Disclaimer: Dolfin Swim of the Week is not meant to be a conclusive selection of the best overall swim of the week, but rather one Featured Swim to be explored in deeper detail. The Dolfin Swim is an opportunity to take a closer look at the context of one of the many fast swims this week, perhaps a swim that slipped through the cracks as others grabbed the headlines, or a race we didn’t get to examine as closely in the flood of weekly meets.
In a weekend overshadowed by International Swimming League and other international meets, Washington high school senior Janelle Rudolph came up with a massive relay split in leading her Bellevue team to a Washington 3A state title.
Rudolph went 47.77 on the anchor leg of Bellevue’s 400 freestyle relay. That was the fastest split in the field by almost four seconds, and is a split that would fit right in at the college level.
Rudolph’s lifetime-best in the event is 48.93, set last March. She didn’t swim the 100 free individually at Washington State, opting instead for the 50 free (she won in a career-best 22.36) and 100 back (she won with a career-best 52.90). But the relay showed she’s in line for a big drop there whenever she does swim the event with some rest.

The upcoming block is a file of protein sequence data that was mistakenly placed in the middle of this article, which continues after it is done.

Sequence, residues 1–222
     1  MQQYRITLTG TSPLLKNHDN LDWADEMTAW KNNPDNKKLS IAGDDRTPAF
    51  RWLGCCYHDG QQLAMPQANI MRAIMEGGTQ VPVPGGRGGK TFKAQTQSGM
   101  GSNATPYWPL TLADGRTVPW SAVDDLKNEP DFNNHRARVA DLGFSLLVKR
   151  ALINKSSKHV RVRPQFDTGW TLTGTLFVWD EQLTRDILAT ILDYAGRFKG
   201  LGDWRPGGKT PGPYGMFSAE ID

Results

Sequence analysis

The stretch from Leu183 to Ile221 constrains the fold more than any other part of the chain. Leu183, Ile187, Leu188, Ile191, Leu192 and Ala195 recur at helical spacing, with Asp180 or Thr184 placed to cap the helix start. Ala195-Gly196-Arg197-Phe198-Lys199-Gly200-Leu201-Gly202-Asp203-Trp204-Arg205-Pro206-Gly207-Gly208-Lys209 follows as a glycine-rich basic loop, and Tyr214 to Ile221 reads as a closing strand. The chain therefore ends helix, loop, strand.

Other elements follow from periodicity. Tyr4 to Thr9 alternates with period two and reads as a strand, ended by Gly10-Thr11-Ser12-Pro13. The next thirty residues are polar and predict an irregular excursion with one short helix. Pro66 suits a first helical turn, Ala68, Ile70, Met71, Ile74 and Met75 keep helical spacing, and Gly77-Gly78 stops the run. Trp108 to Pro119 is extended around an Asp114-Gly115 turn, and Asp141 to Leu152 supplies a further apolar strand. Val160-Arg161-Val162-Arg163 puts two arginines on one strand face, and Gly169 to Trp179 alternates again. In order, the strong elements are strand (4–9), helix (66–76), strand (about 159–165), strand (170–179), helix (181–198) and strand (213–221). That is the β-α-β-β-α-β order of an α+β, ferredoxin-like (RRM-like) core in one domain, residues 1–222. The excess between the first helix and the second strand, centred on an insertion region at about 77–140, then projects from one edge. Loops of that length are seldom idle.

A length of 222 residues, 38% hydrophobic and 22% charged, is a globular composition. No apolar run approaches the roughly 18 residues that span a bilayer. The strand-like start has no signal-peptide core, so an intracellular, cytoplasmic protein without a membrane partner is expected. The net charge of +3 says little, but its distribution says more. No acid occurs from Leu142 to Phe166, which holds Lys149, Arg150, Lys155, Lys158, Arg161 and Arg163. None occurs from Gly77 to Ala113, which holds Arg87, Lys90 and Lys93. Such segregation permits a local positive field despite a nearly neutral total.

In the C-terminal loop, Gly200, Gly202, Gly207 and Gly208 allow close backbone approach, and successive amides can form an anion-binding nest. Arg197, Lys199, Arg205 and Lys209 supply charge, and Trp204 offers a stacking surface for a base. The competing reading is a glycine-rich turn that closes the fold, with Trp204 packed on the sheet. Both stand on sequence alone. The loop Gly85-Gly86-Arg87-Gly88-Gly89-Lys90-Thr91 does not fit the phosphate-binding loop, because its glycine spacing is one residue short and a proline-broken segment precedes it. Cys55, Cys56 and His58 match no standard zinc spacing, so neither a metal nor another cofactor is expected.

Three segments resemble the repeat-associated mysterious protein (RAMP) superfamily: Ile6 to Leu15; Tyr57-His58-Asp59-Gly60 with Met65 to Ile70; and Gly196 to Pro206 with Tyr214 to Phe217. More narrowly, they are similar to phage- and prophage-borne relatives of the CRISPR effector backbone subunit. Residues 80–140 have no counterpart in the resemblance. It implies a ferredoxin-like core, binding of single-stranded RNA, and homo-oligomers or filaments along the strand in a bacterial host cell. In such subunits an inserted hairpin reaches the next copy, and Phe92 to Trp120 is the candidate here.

Rudolph will attend Stanford next fall. She joins a Stanford program that has recruited extremely well, but has also lost talents like Katie Ledecky, Simone Manuel, Ella Eastin and Taylor Ruck to graduation, red-shirt seasons and the professional realm. And as new faces have to step up for Stanford, Rudolph could project as an immediate-impact relay swimmer – something pretty rare for the top teams in the country.
Last year at NCAAs, Stanford only had two splits faster than Rudolph’s on their finals 400 free relay. Ruck split 45.6 and Eastin 47.5. Both are gone this year, though Ruck could come back next year after red-shirting this year in preparation for the Olympics. Even if she doesn’t make the Stanford relay as a freshman, Rudolph could be one of the better freshmen sprinters in the nation. Her time would have improved every team in last year’s NCAA final outside of national record-setters Cal and runners-up Michigan.
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